Insecurity is a nasty, aggressive weed. It will kill everything healthy that could grow for you. Jerk it out. Spray it with pesticide. Show it no mercy.
5. Not Pollyanna.
My commitment to a positive life could easily be mistaken for naiveté. Don’t confuse positivity with Pollyanaism. I’m not perfect. I might sometimes say something I regret. Do something I regret, but I try hard not to say anything behind someone’s back I don’t feel confident I could say to their faces. When I have a problem with someone, I want to take it up with them, not talk with a lot of others about it.
These are what I call Grown Folks rules. Just basic responsibility for your words and actions that every adult should assume. I know when I have violated one of these rules because I feel it. It feels slimy, and it’s not worth it. I may slip every once in a while, but I try to stick to them, and to surround myself with folks who share that commitment.
I will assume the best about a person until they show me the worst. Once you show me the worst, I believe in forgiveness, because bitterness is a nasty weed, too, that will poison your peace. I forgive other people just as much for my sake as for theirs! And you won’t find me badmouthing folks who have done me wrong, but they probably won’t be in my inner circle. As hard as you fight to keep your own garden clear of weeds, the last thing you want polluting the space around you is someone else’s negative habits and intentions. If you’re not willing to keep your space positive, I’ll like you from a distance. 🙂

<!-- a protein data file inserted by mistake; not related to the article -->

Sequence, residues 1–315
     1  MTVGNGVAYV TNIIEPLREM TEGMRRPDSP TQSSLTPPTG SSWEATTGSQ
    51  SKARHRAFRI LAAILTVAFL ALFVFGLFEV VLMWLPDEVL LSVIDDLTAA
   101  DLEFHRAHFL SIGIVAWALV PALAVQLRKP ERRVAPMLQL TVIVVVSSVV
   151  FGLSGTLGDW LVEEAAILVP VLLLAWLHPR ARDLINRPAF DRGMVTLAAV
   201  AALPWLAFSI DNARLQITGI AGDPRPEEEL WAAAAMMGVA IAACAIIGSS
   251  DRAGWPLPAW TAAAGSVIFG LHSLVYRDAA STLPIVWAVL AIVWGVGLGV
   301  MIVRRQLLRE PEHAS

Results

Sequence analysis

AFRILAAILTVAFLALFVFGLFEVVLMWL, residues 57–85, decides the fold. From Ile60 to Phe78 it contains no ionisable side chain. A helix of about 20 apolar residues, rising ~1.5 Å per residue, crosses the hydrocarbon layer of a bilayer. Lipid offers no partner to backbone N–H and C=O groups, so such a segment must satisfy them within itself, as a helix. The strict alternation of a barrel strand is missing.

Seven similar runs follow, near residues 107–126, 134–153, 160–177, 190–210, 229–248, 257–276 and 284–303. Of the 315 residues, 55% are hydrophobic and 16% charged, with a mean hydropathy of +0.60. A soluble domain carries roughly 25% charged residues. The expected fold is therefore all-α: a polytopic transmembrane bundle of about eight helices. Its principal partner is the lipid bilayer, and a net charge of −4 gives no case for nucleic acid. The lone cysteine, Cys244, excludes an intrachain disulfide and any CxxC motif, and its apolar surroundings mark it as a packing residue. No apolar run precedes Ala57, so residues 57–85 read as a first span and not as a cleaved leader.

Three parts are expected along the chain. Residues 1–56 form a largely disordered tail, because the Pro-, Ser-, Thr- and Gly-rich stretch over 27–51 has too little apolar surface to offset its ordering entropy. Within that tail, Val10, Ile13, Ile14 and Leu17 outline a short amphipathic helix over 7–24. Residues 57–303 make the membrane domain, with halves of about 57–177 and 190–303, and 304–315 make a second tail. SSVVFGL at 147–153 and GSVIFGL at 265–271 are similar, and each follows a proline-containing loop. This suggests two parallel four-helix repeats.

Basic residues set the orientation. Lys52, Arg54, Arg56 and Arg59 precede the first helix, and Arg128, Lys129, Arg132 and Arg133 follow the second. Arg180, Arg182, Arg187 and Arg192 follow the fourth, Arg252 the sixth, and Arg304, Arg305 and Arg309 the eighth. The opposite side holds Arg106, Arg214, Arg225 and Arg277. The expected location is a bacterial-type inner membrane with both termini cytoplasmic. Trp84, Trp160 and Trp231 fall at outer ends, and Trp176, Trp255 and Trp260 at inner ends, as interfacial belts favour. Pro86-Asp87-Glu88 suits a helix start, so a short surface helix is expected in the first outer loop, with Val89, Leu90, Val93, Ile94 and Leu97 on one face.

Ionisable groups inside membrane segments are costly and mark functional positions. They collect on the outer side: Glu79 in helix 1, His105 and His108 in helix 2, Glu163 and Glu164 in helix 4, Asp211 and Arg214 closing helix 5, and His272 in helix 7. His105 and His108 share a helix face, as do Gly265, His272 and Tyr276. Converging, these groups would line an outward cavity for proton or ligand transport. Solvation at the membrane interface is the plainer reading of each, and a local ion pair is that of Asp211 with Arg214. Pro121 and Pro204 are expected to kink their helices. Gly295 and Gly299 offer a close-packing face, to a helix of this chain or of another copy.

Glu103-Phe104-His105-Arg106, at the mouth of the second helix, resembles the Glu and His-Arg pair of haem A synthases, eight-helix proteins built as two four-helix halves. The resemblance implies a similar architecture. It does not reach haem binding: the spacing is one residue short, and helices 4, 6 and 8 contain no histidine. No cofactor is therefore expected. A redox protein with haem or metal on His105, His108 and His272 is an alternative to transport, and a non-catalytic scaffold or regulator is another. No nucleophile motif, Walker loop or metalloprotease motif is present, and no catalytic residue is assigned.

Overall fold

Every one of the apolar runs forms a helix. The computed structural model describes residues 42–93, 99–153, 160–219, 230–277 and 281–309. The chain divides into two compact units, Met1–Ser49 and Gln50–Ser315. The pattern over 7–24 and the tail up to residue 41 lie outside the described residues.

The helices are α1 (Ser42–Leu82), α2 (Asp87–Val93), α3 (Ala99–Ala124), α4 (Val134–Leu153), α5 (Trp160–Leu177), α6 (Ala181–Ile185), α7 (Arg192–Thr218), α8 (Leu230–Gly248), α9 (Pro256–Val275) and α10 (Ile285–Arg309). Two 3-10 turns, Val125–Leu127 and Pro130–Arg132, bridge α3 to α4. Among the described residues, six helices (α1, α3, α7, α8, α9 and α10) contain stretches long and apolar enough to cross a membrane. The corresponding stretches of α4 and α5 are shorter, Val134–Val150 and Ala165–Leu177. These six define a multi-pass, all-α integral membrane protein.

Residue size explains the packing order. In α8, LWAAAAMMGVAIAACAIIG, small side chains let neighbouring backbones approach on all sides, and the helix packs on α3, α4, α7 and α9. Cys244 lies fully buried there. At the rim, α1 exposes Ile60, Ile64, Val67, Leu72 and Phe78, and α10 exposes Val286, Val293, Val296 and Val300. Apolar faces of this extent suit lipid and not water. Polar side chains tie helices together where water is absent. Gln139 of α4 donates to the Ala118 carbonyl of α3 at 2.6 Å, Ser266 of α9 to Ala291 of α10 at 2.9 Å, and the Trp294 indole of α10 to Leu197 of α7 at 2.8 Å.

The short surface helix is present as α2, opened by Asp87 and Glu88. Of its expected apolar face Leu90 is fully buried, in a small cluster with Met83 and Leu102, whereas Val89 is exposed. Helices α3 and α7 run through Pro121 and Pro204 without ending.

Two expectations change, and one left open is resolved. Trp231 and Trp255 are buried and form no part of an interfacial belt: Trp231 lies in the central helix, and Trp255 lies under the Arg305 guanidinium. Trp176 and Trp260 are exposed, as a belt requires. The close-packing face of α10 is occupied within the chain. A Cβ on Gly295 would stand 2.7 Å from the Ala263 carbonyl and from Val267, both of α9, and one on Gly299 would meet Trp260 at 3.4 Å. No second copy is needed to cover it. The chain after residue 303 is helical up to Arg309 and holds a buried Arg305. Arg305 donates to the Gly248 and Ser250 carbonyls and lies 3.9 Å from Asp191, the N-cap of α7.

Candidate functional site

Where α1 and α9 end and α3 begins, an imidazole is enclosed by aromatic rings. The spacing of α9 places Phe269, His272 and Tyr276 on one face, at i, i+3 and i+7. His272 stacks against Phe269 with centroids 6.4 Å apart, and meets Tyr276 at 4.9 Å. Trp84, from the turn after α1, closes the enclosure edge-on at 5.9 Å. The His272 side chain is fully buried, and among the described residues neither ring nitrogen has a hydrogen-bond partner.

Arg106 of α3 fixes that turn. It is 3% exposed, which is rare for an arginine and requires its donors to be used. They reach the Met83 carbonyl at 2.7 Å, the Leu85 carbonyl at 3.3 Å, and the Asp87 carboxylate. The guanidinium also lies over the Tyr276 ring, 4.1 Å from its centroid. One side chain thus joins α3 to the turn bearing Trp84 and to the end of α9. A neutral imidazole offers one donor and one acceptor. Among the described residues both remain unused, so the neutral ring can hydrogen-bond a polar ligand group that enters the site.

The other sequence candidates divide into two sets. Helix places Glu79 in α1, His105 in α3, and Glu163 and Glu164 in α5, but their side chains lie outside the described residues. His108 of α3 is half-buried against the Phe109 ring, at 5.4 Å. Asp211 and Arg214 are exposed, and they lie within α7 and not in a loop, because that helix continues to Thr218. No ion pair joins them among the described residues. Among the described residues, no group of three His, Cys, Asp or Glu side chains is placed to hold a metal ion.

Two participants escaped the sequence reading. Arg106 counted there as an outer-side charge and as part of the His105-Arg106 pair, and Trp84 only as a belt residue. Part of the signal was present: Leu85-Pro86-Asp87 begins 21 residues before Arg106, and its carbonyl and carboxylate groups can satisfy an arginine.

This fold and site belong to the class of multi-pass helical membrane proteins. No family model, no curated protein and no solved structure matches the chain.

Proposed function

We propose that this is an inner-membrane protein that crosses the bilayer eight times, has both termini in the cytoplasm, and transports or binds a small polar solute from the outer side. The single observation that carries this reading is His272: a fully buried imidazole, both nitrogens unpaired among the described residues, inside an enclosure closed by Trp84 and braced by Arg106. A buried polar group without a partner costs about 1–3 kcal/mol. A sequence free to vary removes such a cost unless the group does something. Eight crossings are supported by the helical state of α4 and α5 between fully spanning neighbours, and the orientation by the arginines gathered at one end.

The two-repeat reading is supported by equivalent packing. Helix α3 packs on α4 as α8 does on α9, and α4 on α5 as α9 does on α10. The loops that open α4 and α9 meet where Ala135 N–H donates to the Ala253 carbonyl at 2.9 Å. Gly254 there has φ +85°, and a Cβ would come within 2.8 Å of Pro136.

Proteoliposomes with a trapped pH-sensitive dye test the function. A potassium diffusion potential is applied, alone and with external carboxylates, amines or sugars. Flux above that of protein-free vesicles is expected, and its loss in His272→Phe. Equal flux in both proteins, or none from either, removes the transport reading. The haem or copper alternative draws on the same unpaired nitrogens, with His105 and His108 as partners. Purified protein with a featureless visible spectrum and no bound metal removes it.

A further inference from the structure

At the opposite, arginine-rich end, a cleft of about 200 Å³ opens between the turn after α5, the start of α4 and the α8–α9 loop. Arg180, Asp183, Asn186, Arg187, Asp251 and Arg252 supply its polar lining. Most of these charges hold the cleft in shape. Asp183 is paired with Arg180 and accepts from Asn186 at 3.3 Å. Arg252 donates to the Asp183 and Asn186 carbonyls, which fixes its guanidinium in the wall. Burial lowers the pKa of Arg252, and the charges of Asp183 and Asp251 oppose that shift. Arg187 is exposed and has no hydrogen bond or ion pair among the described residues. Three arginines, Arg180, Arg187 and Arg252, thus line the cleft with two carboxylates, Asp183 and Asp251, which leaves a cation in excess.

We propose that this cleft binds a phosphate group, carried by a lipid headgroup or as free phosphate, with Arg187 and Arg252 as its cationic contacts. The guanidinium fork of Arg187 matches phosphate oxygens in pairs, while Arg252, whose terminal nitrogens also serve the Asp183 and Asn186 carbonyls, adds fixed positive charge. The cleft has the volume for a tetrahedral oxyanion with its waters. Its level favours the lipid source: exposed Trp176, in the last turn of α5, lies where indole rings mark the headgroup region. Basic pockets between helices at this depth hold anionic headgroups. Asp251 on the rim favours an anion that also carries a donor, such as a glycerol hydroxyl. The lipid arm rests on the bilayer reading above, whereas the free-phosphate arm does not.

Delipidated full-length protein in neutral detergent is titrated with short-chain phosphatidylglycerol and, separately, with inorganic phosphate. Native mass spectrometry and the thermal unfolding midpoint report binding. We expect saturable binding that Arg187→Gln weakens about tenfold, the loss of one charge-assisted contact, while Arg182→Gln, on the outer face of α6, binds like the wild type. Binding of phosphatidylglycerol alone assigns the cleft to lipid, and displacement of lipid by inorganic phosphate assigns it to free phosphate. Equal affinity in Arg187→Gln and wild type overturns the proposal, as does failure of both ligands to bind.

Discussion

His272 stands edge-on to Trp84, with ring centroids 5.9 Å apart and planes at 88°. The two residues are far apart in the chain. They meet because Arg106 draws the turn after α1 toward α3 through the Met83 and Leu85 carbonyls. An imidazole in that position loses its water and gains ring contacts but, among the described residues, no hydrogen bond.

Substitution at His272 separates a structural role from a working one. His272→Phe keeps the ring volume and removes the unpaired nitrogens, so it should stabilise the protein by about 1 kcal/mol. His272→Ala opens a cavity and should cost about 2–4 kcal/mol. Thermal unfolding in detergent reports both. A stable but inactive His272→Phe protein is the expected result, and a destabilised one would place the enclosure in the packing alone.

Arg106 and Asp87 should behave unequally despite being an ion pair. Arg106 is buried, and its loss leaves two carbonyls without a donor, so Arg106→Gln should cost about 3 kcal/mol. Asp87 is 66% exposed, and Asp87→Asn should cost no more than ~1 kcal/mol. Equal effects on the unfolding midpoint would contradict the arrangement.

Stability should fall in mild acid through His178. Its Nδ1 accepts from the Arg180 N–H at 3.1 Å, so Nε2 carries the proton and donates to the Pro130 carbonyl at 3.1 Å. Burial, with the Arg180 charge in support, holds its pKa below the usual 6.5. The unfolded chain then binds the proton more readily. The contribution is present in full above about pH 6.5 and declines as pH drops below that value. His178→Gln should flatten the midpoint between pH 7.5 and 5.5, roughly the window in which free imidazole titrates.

These are just a few things I do to manage my garden. I can’t cross over into your yard. Look over your fence and manage yours. I can only tell you what has helped me live a positive life and has made me, in the process, a ruthless gardener.
What are your tricks for staying positive? What do you struggle with the most?
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Kennedy Ryan writes contemporary romance and women’s fiction. Her Bennett Series books – When You Are Mine, Loving You Always and the newly released Be Mine Forever – are all available under the “Forever Yours” imprint of Hachette Books. Kennedy always gives her characters their happily ever after, but loves to make them work for it! It’s a long road to love, so sit back and enjoy the ride.
In an alternative universe and under her government issue name, Tina Dula, she is a wife to the love of her life, mom to a special, beautiful son, and a friend to those living with autism through her foundation Myles-A-Part., serving Georgia families.
Her writings on Autism have appeared in Chicken Soup for the Soul, and she has been featured on the Montel Williams Show, NPR, Headline News and others. Ryan is donating a portion of her proceeds to her own foundation and to her charitable partner, Talk About Curing Autism (TACA).
Her interview series MOMMIES DO THE MOST AMAZING THINGS is featured each month in Brooke Burke’s online magazine Modern Mom.